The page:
For people who aren’t following a diet or eating plan, Thanksgiving is a holiday to look forward to, with food and family galore. But if you’re someone who exercises regularly and likes to maintain a healthy diet, you might dread Thanksgiving. How do you look at a table full of turkey, mashed potatoes, stuffing, corn, cranberry sauce, rolls and pumpkin pie, and help yourself to only a small serving of turkey and vegetables? The answer to that question is, you don’t.
Chances are, if you do follow a diet, you allow yourself a cheat meal every once in a while. And Thanksgiving is the perfect opportunity to have an entire cheat day. Don’t think about the calories or how big your serving size should be. Instead, eat what you please until your belly tells you to stop and then maybe just a few more bites after that.
Benefits of a Cheat Day
Now you may be thinking, yeah, but aren’t cheat days bad for me? It’s easy to believe cheat days would be a set-back and might make you fall off the wagon. However, they really aren’t all that bad.
Cheat days can be really good for your mind and to keep you motivated. If you use cheat days as a reward for your dedication, they can really act as a positive reinforcement of your exercise and diet plan. If you have a snack or meal to look forward to every week or month, it might make the chicken and vegetables just a little more bearable. So that’s good news. The even better news is there’s a biological advantage too.
The best advantage of cheat days is regulating the level of leptin, a hormone secreted by fat cells, in your body. When leptin levels are sufficient, the leptin hormone is triggered, which signals to your brain that you have enough energy stored and can stop eating.
How is this affected by cheat days? Well, when you restrict calories regularly, as you would on a diet, leptin levels drop significantly. This drop causes your body to feel extra hungry and can result in binging. Having cheat days every now and then can help balance leptin levels to prevent this overeating over time.
Restricting calories can also decrease certain thyroid hormones in your body, which actually decreases your metabolic rate in the long run. This is obviously not what you’re going for when trying to lose weight. These biological facts are the perfect reasons to support cheat days.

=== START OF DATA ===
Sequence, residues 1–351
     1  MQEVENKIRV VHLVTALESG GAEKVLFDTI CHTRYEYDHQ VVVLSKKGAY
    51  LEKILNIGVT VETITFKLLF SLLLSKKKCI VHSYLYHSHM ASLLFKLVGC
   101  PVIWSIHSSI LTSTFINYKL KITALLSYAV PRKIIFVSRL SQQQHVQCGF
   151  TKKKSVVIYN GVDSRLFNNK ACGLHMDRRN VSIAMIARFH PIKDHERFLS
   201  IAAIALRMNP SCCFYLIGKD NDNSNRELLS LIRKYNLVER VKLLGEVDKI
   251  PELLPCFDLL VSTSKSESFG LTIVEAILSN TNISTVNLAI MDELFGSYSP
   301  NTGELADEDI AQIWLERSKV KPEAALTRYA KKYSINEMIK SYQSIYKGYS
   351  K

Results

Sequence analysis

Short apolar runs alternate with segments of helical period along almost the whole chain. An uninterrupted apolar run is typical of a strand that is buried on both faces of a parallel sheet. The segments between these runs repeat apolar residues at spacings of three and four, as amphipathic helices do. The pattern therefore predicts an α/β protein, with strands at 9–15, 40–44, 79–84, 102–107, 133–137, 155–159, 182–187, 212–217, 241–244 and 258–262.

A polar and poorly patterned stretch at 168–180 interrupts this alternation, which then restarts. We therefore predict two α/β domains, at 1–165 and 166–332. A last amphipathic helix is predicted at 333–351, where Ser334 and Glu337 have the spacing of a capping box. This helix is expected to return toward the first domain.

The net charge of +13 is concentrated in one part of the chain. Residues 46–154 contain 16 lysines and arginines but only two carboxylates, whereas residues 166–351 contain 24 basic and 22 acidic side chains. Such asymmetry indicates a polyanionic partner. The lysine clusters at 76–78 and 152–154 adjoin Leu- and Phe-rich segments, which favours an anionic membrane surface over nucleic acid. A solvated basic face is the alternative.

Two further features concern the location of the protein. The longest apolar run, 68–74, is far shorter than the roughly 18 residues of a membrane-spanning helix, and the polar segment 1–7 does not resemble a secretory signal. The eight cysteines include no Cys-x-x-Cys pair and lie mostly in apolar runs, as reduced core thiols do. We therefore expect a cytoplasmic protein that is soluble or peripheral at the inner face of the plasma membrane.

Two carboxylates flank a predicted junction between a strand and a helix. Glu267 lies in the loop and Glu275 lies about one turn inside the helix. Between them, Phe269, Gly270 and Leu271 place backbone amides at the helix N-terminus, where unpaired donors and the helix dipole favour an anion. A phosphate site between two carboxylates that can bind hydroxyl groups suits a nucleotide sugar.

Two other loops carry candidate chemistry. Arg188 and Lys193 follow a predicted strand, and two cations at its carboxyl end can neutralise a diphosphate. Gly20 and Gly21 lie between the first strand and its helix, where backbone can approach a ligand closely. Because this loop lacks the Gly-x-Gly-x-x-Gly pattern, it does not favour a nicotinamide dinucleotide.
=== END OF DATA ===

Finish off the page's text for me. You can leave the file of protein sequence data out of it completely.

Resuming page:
The Rule of Cheat Days
So, cheat days are a good thing. But there is one rule — moderation. Moderation is key. It’s important to only have cheat days every now and then. Spread out your cheat meals and have only a few throughout each month.
For some people, cheat days are indeed a setback. Sometimes it’s hard to have a taste of freedom — or pizza, or brownies — and then try to make the switch back to healthy eating. It becomes easier to say, “Well, I’ll start eating right again next week.” For this reason, a cheat meal may become a cheat month.
Unhealthy eating can become a habit very quickly, which can then become an addiction. Habits and addictions are incredibly hard to break, especially when you use the habit as a reward. If you don’t take control of your cheat days, they may take control of you.
When you’re planning for a cheat day, set guidelines for yourself in terms of what you’ll allow yourself to eat:
? Decide if your cheating will last for a whole day, or just one meal or snack.
? Think about how much of your cheat food you’ll let yourself eat.
? Then, the hard part, stick to those rules.
If you’re a particularly committed person when it comes to your diet and you’re confident in your ability to get back on the right track after your cheat day, you can let yourself binge more freely. That’s why it’s important to know yourself and be realistic about your self-control.
It also helps to cheat on a day when you will have an extra-intense workout. After that, you can have a big cheat day without feeling guilty because you’ll have had a good workout to balance it out. This isn’t a particularly good mindset to have throughout your training in general, but it works for cheat days.
The best rule for cheat days is to not let them get you down. If you feel guilty after a cheat day, or even if you let a cheat day go on for a cheat week, the best thing you can do is get back on the wagon as soon as you can. Don’t feel bad about slipping up. Instead, start fresh and begin eating right the next day.
Turkey, Stuffing, Yams, Oh My
The cheat day of all cheat days is, of course, Thanksgiving. This is the best day to stop thinking about the guilt you might feel about what you’re eating and, instead, just enjoy the food and family in front of you. The worst way you can spend Thanksgiving is staring at all of the food and trying to figure out what you can and cannot eat. While you waste time counting calories, you’re missing all of the family conversation and laughter going on around the table. That’s not the way to spend the holiday.
This Thanksgiving, give yourself the gift of a cheat day. Spend time with your family and friends, not your calorie counter. Fill up your plate and enjoy your holiday without worrying about how much food you’re eating.